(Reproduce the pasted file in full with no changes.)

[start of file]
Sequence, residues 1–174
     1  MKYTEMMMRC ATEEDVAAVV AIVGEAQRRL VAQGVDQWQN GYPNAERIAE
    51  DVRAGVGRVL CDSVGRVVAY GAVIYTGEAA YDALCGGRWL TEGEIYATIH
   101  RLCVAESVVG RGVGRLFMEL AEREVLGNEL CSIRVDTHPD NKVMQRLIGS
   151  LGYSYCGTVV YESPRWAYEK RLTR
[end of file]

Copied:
Sequence, residues 1–174
     1  MKYTEMMMRC ATEEDVAAVV AIVGEAQRRL VAQGVDQWQN GYPNAERIAE
    51  DVRAGVGRVL CDSVGRVVAY GAVIYTGEAA YDALCGGRWL TEGEIYATIH
   101  RLCVAESVVG RGVGRLFMEL AEREVLGNEL CSIRVDTHPD NKVMQRLIGS
   151  LGYSYCGTVV YESPRWAYEK RLTR